What Is It
A shrubby perennial bearing bright yellow flowers, St. John’s wort is cultivated worldwide. It was named for Saint John the Baptist because it blooms around June 24, the day celebrated as his birthday; “wort” is an old English word for plant. For centuries, St. John’s wort was used to soothe the nerves and to heal wounds, burns, and snakebites. Supplements are made from the dried flowers, which contain a number of therapeutic substances, including a healing pigment called hypericin.
What Does It Do
St. John’s wort is most often used to treat mild depression. Scientists aren’t sure exactly how the herb works, though it’s believed to boost levels of the brain’s chemical serotonin, which is key to mood and emotions.
- Treats depression.
- Helps fight off viral and bacterial infections.
- May help treat premenstrual syndrome (PMS) and fibromyalgia.
- Helps relieve chronic pain.
- Soothes hemorrhoids.
- May aid in weight loss.
A careful recent analysis of 23 different studies of St. John’s wort concluded that the herb was as effective as antidepressant drugs and more effective than a placebo in the treatment of mild to moderate depression. (Few studies have examined its usefulness for more serious depression, though it may prove beneficial for this as well.) St. John’s wort may be helpful for many conditions associated with depression too, such as anxiety, stress, premenstrual syndrome (PMS), fibromyalgia, or chronic pain; it may even have some direct pain-relieving effects. This herb promotes sound sleep and may be especially valuable when depression is marked by fatigue, sleepiness, and low energy levels. It may also aid in treating “wintertime blues” (seasonal affective disorder), a type of depression that develops in the fall and winter and dissipates in the bright sunlight of spring and summer.
Some people are leery of conventional antidepressants because of their potential for causing undesirable side effects, especially reduced sexual function. St. John’s wort has fewer bothersome side effects than these drugs. In addition, although St. John’s wort may interact with antidepressant medications, it doesn’t appear to interact with most other conventional drugs, making it useful for older people taking multiple medications. The herb seems so promising that the National Institutes of Health (NIH) is now conducting a major study of its effectiveness.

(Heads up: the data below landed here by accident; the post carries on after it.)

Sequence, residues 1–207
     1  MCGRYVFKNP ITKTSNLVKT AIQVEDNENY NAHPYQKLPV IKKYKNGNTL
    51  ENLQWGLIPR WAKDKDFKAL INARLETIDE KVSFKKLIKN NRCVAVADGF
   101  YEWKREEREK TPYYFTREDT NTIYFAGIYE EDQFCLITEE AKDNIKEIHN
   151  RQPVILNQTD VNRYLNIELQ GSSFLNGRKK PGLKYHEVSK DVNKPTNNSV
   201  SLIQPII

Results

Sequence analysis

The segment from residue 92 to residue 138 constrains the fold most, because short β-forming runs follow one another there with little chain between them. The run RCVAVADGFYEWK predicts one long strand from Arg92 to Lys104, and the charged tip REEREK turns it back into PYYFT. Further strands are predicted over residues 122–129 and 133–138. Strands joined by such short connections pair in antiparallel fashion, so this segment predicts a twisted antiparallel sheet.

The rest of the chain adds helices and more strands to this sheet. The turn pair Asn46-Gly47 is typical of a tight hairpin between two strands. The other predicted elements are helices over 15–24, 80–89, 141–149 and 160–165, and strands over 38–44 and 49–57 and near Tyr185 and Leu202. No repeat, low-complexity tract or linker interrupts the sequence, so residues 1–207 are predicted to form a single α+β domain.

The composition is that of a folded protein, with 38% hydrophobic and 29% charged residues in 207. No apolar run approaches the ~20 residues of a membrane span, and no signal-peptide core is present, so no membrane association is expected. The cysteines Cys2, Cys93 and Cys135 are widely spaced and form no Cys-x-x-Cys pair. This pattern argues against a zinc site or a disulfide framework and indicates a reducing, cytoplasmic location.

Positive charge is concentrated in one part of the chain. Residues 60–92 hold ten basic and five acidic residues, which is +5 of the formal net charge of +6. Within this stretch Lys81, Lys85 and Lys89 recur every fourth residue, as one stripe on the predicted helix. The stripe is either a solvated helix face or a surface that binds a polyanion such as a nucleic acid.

St. John’s wort fights bacteria and viruses as well. Research indicates that it may play a key part in combating herpes simplex, influenza, and Epstein-Barr virus (the cause of mononucleosis), and preliminary laboratory studies reveal a possible role for the herb in the fight against AIDS. When an ointment made from St. John’s wort is applied to hemorrhoids, it relieves burning and itching. Taken along with the herb ephedra, St. John’s wort may also be useful as a weight-loss aid.
How To Take It
The recommended dose is 300 mg of an extract standardized to contain 0.3% hypericin, three times a day. Supplements containing 450 mg are also available and can be taken twice a day.
Guidelines For Use:
Take St. John’s wort close to mealtime to reduce stomach irritation. In the past, those using the herb were advised not to eat certain foods, including aged cheese and red wine, the same foods best avoided by those taking MAO inhibitors (a type of antidepressant). But recent studies suggest that these foods do not present a problem for those on St. John’s wort.
Like a prescription antidepressant, the herb must build up in your blood before it becomes effective, so be sure to allow at least four weeks to determine whether it works for you. It can be used long term, as needed. Unless you are under the care of a doctor familiar with both conventional antidepressants and St. John’s wort, the medication and the herb should not be taken together because of the potential for adverse reactions. Some doctors also recommend combining St. John’s wort with the nutritional supplement 5-HTP.
Though no adverse effects have been reported in pregnant or lactating women using the herb, there have been few studies in this group of patients, so caution is advised.
- In one recent study, 50 participants with depression were given either St. John’s wort or a placebo. After eight weeks, 70% of those on St. John’s wort showed marked improvement, versus 45% of those receiving a placebo. No adverse reactions to the herb were noted.
- Although used for mild and moderate depression, St. John’s wort may one day prove effective for more severe cases. A study of 209 people with serious depression found the herb as effective as conventional antidepressants. But more research is needed before the supplement can be recommended for this purpose.
- If you’re taking conventional antidepressant drugs, consult your doctor before adding or switching to St. John’s wort.
- If you develop a rash or have difficulty breathing (rarely, people have allergic reactions), get immediate medical help.